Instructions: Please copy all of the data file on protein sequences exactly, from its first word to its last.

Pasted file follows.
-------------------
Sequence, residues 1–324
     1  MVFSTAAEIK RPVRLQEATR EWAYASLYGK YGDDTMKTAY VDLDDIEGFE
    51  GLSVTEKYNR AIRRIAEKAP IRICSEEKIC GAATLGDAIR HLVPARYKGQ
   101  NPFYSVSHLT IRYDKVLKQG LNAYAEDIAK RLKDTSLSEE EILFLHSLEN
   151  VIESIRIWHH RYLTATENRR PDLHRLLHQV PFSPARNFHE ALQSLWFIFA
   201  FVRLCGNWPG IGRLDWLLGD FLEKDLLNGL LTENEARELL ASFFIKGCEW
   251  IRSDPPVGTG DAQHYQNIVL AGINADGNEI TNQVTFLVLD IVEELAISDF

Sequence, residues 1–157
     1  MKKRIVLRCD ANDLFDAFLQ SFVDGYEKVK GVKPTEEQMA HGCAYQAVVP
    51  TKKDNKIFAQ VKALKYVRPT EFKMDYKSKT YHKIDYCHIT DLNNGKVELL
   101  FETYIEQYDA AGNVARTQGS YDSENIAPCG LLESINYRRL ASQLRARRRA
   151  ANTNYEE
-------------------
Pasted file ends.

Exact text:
Sequence, residues 1–324
     1  MVFSTAAEIK RPVRLQEATR EWAYASLYGK YGDDTMKTAY VDLDDIEGFE
    51  GLSVTEKYNR AIRRIAEKAP IRICSEEKIC GAATLGDAIR HLVPARYKGQ
   101  NPFYSVSHLT IRYDKVLKQG LNAYAEDIAK RLKDTSLSEE EILFLHSLEN
   151  VIESIRIWHH RYLTATENRR PDLHRLLHQV PFSPARNFHE ALQSLWFIFA
   201  FVRLCGNWPG IGRLDWLLGD FLEKDLLNGL LTENEARELL ASFFIKGCEW
   251  IRSDPPVGTG DAQHYQNIVL AGINADGNEI TNQVTFLVLD IVEELAISDF

Sequence, residues 1–157
     1  MKKRIVLRCD ANDLFDAFLQ SFVDGYEKVK GVKPTEEQMA HGCAYQAVVP
    51  TKKDNKIFAQ VKALKYVRPT EFKMDYKSKT YHKIDYCHIT DLNNGKVELL
   101  FETYIEQYDA AGNVARTQGS YDSENIAPCG LLESINYRRL ASQLRARRRA
   151  ANTNYEE